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HP0033 Development of a system of networks and continuing education for physical therapists regarding the treatment of patients with rheumatic diseases: the fyranet project
  1. J Verhoef1,
  2. R Hoekman2,
  3. M Bakker3,
  4. HM de Vries-van der Zwan4,
  5. FGJ Oosterveld2,5,
  6. TPM Vliet Vlieland1,6
  1. 1Department of Physical Therapy
  2. 2Department of Physical Therapy, Medisch Spektrum Twente, Enschede
  3. 3School of Physiotherapy, Leiden
  4. 4Comprehensive Cancer Center, Leiden
  5. 5Saxion School of Physiotherapy, Enschede, The Netherlands
  6. 6Department of Rheumatology, Leiden University Medical Center


Objectives It has been observed by physical therapists and patients that treatment of patients with rheumatic diseases by physical therapists is hampered by a lack of specific knowledge and technical and communicative skills. Moreover, co-ordination between different health professionals involved in the treatment has been perceived as not optimal. Aim of the study was to set up a system of continuous improvement of specific knowledge and skills regarding the physiotherapeutic treatment of patients with rheumatic diseases and to start networks of physical therapists working in primary care, hospitals and rehabilitation centres.

Methods In November 1999 all physical therapists working within the catchment area of two rheumatological centres (Leiden, Enschede) were invited to participate. Education programmes were organised in parallel in both regions and consisted of a 5-day postgraduate training programme, followed by 2-monthly seminars. The programme focussed on examination and treatment of patients with rheumatic diseases and on communication with patients with a chronic disease. Communication among health professionals was enhanced by teaching practices within the rheumatological centres and by developing a draft guideline on communication among health professionals. Outcome measurements included questionnaires on the organisation, didactics and contents of the training programme (6-point scales, range 1; very bad to 6; very good), knowledge, interdisciplinary communication and patient satisfaction.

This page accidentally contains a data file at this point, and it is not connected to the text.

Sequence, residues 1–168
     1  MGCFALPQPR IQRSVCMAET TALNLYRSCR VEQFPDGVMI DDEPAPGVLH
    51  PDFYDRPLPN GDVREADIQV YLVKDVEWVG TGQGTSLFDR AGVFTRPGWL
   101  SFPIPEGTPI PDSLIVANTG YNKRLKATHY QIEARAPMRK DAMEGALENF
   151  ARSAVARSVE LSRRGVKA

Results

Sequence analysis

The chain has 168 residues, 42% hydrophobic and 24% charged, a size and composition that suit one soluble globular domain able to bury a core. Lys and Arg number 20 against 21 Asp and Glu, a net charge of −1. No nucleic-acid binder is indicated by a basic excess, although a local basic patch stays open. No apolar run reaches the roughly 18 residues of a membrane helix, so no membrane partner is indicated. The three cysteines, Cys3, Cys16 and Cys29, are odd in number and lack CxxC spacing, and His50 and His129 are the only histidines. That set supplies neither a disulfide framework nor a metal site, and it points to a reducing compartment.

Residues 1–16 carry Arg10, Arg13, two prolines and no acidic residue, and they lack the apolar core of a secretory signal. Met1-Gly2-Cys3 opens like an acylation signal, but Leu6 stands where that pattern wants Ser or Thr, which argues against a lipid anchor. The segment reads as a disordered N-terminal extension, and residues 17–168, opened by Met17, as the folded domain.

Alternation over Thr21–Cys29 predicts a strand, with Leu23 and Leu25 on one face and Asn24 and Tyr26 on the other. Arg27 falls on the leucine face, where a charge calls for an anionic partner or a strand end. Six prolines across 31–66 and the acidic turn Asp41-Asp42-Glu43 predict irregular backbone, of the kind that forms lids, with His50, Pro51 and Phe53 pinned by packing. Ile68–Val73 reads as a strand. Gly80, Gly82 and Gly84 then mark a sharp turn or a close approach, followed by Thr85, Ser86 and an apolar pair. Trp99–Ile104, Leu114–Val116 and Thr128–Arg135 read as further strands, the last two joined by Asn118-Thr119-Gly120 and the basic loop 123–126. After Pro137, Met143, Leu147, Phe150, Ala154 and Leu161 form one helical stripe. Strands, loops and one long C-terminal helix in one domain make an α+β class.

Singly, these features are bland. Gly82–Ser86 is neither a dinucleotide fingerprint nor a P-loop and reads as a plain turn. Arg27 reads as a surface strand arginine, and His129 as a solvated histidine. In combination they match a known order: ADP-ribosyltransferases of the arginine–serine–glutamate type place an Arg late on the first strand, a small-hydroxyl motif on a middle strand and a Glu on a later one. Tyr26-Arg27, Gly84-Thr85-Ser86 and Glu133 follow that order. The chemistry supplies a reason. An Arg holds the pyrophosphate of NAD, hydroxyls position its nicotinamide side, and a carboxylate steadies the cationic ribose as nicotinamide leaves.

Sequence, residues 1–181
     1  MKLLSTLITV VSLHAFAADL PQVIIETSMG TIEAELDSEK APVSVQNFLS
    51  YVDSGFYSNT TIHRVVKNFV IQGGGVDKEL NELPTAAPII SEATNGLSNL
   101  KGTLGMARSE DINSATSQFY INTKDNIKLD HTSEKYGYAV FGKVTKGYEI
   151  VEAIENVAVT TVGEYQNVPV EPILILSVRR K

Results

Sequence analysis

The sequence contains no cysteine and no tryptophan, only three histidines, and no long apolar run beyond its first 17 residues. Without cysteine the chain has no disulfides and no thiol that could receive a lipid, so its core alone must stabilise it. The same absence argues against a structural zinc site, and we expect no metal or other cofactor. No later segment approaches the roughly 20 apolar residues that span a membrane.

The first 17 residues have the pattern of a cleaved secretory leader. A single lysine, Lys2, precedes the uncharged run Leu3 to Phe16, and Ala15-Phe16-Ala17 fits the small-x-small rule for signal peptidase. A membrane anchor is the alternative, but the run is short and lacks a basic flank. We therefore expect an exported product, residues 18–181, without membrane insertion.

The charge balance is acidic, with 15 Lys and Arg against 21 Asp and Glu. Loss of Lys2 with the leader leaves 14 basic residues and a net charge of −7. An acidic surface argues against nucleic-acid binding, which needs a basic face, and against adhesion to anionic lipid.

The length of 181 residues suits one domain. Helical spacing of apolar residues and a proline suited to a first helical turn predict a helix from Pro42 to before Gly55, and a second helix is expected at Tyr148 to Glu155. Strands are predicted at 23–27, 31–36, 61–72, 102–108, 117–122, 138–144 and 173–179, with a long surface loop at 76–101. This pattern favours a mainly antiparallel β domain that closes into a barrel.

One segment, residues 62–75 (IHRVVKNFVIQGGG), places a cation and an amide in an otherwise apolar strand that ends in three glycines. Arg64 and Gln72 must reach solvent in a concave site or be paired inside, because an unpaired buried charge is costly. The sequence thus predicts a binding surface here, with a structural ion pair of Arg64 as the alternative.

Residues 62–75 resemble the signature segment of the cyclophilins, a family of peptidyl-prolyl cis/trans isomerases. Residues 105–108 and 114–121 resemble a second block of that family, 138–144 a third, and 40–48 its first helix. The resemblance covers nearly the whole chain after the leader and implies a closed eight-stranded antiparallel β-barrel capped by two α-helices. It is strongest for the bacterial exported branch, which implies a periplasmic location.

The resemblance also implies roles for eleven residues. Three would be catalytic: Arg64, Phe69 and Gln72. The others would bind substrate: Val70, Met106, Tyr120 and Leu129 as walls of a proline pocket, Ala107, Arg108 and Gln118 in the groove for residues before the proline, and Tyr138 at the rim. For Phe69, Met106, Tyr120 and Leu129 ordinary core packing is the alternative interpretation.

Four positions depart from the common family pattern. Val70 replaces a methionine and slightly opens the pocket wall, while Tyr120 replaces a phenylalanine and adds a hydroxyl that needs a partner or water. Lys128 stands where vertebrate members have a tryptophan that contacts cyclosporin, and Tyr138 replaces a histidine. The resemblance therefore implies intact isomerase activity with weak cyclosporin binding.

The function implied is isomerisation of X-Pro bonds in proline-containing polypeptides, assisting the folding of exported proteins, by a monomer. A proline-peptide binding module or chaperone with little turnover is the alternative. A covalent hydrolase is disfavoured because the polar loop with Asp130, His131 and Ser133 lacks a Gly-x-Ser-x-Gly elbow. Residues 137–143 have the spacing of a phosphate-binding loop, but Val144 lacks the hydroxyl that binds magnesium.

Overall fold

Results 63 of the 64 physical therapists (98.4%) finished the education programme and were formally registered. Evaluation of the training programme measured directly after each part of it showed positive scores with respect to contents, didactics and organisation (all medians 5, ranges 2–6). Knowledge scores increased significantly directly following the training programme (p < 0.001; Mann Whitney U). Measurements regarding the effectiveness on quality of care (interdisciplinary communication and patient satisfaction) will be completed in 2001.

Conclusions The preliminary results indicate that setting up a system of networks and continuing education for physical therapists with respect to the treatment of patients with rheumatic diseases is feasible. The complete set of results will be available by the end of 2001. Further research will focus on the implementation of the system on a larger scale. Funded by The Health Research and Development Council of The Netherlands; ZON.

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